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May 14, 2009

Pew's Reichert Talks to Anglers


The Pew Charitable Trusts ( describes itself as "a knowledge-based advocate for policy solutions in the areas of the environment, state issues, economic concerns, and the health and financial security of the American people." Backed by Pew's assets that approach $6 billion is Pew's powerful worldwide Environment Group. For the first time in his 20-year tenure heading up that major part of Pew, Josh Reichert has granted an interview to a sport-fishing publication. Arguably, no single individual among all environmental organizations wields more influence in the area of marine conservation in the United States and the world. Whether one agrees with what Reichert says or not, we think it's critical to hear his thoughts on issues of concern to anglers and the larger recreational-fishing community. Certainly, Sport Fishing does not necessarily agree, and certainly, this interview is in no way an endorsement of Pew. Its purpose is solely to give sport-fishing interests the chance to better understand - and therefore deal with - the motivation and direction of the environmental manager of Pew. We would welcome the reaction of those who read this and will look for that in our forums, where readers can go to share their thoughts. - Ed.

SF: Let's start with Josh Reichert. How long have you managed the Pew Environment Group?

JR: I've been the managing director of the group since 1990. The Environment Group of the Trusts consists of over 120 people and is a professionally and geographically diverse group of scientists, communications professionals, lawyers and policy experts.

Would you describe yourself as an angler?

JR: When I was growing up, I spent a lot of time fishing, predominantly fly-fishing. While I love to fish, it's difficult for me to find the time these days to get out on the water.

SF: What negative and/or positive associations do you have with the sport?

JR: I certainly don't have a negative attitude about fishing. It's a widely popular sport, and as long as it's done in ways that don't damage the marine environment, it's a fine thing to do.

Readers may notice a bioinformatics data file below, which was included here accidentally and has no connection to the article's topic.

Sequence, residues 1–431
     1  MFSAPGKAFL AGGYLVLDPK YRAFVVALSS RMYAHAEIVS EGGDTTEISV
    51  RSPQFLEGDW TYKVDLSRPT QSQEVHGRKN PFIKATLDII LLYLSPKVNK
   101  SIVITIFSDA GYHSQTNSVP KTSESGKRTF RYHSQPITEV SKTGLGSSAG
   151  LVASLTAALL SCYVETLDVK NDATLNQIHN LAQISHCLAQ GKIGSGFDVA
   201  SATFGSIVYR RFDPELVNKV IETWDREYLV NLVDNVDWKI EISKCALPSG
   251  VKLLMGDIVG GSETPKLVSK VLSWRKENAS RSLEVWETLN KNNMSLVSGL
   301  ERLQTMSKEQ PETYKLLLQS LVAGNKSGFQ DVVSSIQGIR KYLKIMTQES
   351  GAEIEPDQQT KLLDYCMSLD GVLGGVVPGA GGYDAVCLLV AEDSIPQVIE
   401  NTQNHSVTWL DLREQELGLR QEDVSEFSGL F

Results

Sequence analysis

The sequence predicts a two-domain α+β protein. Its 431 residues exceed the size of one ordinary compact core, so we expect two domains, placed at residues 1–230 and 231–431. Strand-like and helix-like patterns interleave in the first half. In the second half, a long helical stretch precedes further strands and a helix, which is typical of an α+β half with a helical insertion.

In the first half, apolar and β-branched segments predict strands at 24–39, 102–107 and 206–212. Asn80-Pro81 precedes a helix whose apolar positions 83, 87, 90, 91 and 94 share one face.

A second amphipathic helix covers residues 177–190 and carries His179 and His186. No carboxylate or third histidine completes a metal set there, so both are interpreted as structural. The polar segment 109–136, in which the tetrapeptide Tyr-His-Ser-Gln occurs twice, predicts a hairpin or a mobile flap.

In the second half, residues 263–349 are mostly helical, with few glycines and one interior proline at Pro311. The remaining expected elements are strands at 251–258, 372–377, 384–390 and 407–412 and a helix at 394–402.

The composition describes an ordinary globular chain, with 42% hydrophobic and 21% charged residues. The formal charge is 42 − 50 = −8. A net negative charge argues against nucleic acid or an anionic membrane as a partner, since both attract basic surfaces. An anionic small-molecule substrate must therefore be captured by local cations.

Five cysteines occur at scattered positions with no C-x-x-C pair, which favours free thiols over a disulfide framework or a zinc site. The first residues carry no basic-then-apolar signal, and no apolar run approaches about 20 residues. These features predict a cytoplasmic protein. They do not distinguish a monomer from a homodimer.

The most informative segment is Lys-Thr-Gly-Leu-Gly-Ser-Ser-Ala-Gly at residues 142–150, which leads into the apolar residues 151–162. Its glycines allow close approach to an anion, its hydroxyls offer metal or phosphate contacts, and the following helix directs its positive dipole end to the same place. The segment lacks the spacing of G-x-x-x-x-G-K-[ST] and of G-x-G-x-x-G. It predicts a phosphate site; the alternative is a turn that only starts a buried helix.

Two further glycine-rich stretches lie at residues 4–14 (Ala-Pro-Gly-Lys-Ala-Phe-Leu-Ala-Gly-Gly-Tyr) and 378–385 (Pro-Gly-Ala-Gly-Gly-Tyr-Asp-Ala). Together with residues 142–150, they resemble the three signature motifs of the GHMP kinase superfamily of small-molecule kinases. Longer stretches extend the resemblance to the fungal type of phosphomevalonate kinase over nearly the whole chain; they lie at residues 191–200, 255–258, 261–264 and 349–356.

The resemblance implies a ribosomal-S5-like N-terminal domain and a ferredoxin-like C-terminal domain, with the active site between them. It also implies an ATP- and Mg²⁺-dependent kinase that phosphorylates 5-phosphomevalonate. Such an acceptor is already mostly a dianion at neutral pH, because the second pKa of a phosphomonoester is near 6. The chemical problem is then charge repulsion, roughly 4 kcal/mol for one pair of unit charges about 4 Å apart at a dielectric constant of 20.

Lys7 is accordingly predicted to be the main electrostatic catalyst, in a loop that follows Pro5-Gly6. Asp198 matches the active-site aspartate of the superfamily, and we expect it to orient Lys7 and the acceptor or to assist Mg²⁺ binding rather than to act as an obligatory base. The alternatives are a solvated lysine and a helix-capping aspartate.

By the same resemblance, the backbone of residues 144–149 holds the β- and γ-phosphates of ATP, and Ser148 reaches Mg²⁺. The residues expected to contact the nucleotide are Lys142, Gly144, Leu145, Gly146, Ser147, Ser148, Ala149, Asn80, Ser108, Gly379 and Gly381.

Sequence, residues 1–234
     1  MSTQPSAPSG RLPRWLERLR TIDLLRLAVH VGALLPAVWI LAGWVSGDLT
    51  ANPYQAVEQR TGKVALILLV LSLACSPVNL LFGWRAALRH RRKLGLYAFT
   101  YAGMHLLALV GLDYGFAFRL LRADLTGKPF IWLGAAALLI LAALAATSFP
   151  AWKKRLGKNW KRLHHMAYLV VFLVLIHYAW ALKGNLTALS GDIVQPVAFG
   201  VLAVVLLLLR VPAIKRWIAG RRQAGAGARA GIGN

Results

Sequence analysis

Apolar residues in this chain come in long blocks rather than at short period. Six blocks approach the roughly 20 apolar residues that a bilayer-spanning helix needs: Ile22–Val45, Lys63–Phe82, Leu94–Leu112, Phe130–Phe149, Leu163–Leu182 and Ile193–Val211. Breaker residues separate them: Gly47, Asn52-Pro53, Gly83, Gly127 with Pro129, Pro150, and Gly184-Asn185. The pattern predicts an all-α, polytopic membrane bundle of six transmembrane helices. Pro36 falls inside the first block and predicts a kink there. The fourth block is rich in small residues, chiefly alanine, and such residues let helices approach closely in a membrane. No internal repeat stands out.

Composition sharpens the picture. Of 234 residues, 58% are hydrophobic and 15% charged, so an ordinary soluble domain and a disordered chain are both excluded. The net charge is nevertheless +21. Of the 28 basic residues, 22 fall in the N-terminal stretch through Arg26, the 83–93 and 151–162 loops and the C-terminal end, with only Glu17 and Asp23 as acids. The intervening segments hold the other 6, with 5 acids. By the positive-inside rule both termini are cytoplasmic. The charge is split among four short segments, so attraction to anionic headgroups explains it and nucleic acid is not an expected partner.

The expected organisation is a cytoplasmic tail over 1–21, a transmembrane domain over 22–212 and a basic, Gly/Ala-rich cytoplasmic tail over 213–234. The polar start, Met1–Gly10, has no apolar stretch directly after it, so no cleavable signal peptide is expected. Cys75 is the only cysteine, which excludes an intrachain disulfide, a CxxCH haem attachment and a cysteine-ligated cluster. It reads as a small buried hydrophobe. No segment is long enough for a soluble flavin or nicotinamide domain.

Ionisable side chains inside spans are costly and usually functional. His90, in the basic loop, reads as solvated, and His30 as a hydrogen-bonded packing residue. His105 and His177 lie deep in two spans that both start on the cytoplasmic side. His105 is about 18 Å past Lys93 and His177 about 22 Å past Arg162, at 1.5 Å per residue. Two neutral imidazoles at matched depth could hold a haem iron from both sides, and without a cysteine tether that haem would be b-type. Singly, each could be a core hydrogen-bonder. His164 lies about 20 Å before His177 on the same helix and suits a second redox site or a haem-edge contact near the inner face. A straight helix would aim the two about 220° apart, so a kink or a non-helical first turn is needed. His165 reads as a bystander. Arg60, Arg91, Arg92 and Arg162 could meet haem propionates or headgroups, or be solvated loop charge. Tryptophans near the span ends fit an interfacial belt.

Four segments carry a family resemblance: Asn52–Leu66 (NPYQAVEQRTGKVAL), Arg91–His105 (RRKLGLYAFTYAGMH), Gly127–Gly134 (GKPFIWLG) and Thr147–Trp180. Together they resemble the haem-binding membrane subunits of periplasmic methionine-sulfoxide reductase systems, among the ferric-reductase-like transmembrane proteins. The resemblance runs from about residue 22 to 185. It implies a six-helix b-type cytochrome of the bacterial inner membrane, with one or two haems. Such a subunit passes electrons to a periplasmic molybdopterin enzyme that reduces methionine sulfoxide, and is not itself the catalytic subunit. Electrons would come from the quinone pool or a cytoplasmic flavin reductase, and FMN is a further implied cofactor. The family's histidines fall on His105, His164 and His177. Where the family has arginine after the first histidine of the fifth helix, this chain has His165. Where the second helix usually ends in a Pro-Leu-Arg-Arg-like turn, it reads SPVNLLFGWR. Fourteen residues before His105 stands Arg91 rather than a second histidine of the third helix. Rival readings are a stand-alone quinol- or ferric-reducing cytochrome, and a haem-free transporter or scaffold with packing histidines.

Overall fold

SF: Is this, in nearly 20 years [as head of the environment group], your first-ever interview with a major sport-fishing publication?

JR: As far as I can remember.

SF: Why?

JR: I don't think anyone's ever asked [for an interview].

SF: What is Pew's [environmental]  mission?

JR: As a whole, our mission is to strengthen environmental quality on land and in the oceans. We work  on three very specific problems: the mitigation of greenhouse gases that contribute to climate change; the    protection of large, still relatively intact ecosystems on public lands; and the protection of the ocean environment, with a predominant focus on marine fisheries. With regard to our oceans work, we recognize that ultimately, global warming's impact on the world's marine environment will dwarf the problem of fishing. But at the moment, no activity is responsible for so much destruction of life in the sea as industrial fishing.

SF: You mentioned industrial fishing. How do you see recreational fishing fitting into the overall concern with  consumptive use?

JR: There are problems with both commercial and recreational fisheries. For some overfished species, the predominant problem is sport fishing, although for most it is large-scale industrial fishing.

SF: Would you say the two [types of fishing] are similar in terms of their significance to the problem of overfishing?